Dairy foods have a long history of use in baked goods. Butter, for example, is the gold standard fat ingredient in almost all bakery applications, as it delivers desirable flavor, color and structural stability. Unfortunately, economics often limit butter’s use to premium items, such as croissants and shortbread.
Cheese, too, is a welcome ingredient in the baked goods business. There are a wide variety of cheese ingredients available to bakers. Some are all cheese — natural or processed — while others are a blend of cheese with other ingredients that improve melt and manage moisture migration. Cheese ingredients provide flavor and functionality that can be tailored to specific applications.
In some baked goods, bakers are challenged with using standard cheese, cream and even butter, as they’re not always economically or functionally realistic. Formulators often rely on dairy concentrates, flavors and powders in conjunction with “real dairy” to lower costs and improve performance, such as restricted melt, piece identify, less burn off and better flavor.
DFA Ingredient Solutions, a division of Dairy Farmers of America, recently launched an e-commerce store for small bakers and startups to order smaller quantities of dairy ingredients for product innovation. The new platform features dairy-based ingredients, including seasoning blends, specialty powders and concentrated pastes, which were previously only available in large quantities for industrial production. Made from dairy, these ingredients allow for made-from-real-dairy claims. Options are available to assist with achieving clean label declarations, such certified organic, non-GMO and rBST-free.
Other minimally processed dairy ingredients may assist with a range of functionalities in baked goods, including improved browning, flavor, texture and other key bakery applications attributes. Nonfat dried milk is a long-time favorite because it contains both types of dairy proteins — casein and whey — and each type exerts unique functionalities. The casein binds fat and water, while the whey proteins denature during baking, thereby adding to desired crumb texture and post-bake volume. It also contains the reducing sugar lactose, which together with the protein, promotes the Maillard browning reaction when the product is baked.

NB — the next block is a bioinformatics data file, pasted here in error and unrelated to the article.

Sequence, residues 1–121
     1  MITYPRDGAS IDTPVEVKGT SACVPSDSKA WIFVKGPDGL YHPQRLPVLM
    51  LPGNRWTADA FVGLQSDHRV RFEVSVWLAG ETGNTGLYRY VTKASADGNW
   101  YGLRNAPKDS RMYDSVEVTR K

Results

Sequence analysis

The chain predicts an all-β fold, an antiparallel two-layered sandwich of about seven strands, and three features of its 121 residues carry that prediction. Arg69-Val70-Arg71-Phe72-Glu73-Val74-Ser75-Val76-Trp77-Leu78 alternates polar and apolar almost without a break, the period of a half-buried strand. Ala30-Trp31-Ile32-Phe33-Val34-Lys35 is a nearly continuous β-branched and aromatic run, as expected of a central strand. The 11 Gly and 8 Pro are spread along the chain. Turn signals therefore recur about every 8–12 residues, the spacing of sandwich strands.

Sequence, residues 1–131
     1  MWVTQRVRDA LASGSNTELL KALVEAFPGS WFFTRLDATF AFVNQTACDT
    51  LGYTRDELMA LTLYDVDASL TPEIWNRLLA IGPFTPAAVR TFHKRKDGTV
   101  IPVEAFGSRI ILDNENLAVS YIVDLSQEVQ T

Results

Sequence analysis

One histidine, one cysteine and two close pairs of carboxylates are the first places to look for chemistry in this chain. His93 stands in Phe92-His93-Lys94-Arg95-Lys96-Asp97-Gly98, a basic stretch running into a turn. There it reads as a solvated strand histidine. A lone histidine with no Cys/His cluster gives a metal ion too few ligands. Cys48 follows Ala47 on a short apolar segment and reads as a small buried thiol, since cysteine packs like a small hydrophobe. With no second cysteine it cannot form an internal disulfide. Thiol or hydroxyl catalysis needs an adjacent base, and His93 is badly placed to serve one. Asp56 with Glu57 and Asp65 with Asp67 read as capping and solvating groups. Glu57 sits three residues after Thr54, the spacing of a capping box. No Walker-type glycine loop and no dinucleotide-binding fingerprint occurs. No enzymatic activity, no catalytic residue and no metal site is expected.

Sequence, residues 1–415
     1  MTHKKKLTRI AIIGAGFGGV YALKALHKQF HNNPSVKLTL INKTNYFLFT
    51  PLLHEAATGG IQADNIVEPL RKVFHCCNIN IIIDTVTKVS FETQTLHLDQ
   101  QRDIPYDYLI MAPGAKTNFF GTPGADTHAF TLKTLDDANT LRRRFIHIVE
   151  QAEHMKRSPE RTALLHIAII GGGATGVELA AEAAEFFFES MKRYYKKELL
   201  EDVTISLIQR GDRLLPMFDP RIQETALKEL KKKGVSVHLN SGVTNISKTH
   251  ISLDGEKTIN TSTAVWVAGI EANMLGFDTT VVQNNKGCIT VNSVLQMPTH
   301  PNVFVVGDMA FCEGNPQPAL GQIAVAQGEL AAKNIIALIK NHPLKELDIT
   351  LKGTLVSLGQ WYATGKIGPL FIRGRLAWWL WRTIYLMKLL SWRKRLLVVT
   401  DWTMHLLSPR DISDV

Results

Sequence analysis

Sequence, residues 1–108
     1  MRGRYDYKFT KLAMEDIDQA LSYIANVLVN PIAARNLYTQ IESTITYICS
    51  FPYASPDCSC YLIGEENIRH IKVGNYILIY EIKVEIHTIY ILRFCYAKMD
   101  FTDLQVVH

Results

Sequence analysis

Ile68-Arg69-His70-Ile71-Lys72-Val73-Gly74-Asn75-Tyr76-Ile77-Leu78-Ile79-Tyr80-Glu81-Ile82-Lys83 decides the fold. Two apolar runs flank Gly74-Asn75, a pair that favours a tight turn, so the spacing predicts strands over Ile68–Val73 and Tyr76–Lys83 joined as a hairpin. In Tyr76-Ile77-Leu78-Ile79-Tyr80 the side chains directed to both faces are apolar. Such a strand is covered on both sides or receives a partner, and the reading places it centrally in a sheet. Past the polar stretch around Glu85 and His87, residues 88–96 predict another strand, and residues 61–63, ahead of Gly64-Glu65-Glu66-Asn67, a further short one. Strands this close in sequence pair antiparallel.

Permeate is increasingly being used by bakers as a source of dairy solids. It is a co-product of the production of whey protein concentrate, whey protein isolate, ultra-filtered milk, milk protein concentrate or milk protein isolate and is typically void of fat and has a minimum of 59% lactose (but sometimes as much as 85%) and a maximum of 10% protein and 27% ash.
Permeate has been shown to contribute to browning because of its high-lactose content. The lactose also helps retain moisture in baked goods. Specifically, the lactose content in dough produces bread that retains its softness for a longer period and extends shelf life. This softness has been attributed to better emulsification of the fat in the formula and the increase in water-holding capacity. This emulsification function also comes through when permeate is added to pie crusts. The permeate helps emulsify the shortening, which allows for a reduction in shortening without sacrificing the tender, flaky texture.
Permeate contains many varied minerals and non-protein nitrogen compounds, giving it a salty taste. Use may allow for a reduction of sodium chloride in baked goods. In general, 10 to 11 grams of permeate will replace 1 gram of salt.
When it comes to dairy ingredients, whey protein concentrate and whey protein isolate are all the buzz. They are often used in premium baked goods for functionality and protein enrichment. But most important, whey proteins are one of the best sources of branched-chain amino acids, in particular leucine, which has been shown to stimulate muscle synthesis. Specifically, whey protein isolate is about 11% leucine, making it the best source of leucine among all protein ingredients. Some whey protein suppliers have been able to use advanced technologies to further concentrate the leucine content of their ingredients.
This article is an excerpt from the October 2020 issue of Baking & Snack. To read the entire feature on dairy and eggs, click here.